Bet You Don't Know How to Make a Perfect Cup of Green Tea

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As thoughts turn toward spring, many of us are looking forward to detoxing, and even though it’s still fireside weather we can start right now, curled up with a nice cuppa green tea.

The “mama-san” of healthy beverages, green tea is something that we’ve all picked up on by osmosis, if nothing else. There is a general, uncontested acceptance of the stuff.

But is it really a magic bullet? How does it work, and what are its benefits, both claimed and proven? And, last but not least, how do you make the perfect cup of tea?

The desired benefits of drinking tea might go deeper than a simple detox. What if we are up against an adversary like cancer? How might green tea take on something that serious? A chemistry lesson is the best way to begin.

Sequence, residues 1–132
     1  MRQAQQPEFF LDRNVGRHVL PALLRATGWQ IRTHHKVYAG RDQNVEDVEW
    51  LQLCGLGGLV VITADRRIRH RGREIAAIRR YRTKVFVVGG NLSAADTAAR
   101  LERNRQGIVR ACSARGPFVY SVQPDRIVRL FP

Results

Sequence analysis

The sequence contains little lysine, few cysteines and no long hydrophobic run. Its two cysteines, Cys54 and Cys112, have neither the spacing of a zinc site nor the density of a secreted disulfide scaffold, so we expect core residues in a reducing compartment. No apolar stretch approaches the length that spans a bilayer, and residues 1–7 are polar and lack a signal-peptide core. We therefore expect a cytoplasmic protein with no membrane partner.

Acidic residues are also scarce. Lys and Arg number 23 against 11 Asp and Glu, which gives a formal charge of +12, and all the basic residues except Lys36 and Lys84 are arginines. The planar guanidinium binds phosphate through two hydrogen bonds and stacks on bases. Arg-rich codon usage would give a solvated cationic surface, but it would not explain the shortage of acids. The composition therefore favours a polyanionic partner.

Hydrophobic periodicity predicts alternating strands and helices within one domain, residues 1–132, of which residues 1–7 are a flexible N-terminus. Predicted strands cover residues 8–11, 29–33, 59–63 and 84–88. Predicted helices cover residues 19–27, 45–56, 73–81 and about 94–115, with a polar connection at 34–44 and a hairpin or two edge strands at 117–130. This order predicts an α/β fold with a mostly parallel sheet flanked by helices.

All tea, not just green, comes from the leaf of the camellia sinensis plant. It is through the natural oxidation process, after harvesting, that the different types of tea emerge. While black tea is produced from leaves that are wilted, bruised, rolled, and fully oxidized, its more virginal sibling is made from unwilted leaves that are not oxidized.

All tea contains polyphenol antioxidants, however green tea has the largest concentration of the polyphenol catechin known as epigallocatechin-3-gallate. This particular antioxidant has been tested by the The National Center for Complementary and Integrative Health, the federal government's lead agency for scientific research on complementary and integrative health approaches. EGCG shows to be the most effective antioxidant for eliminating free radicals (organic molecules responsible for aging, tissue damage, and possibly some diseases such as cancer). Sounds pretty convincing despite the inevitable disclaimer that comes with all these studies.

But clinical research focused on green tea and disease has been going on for a long time by some very impressive medical institutions worldwide. The National Cancer Institute weighs in heavily with information, in one instance reporting: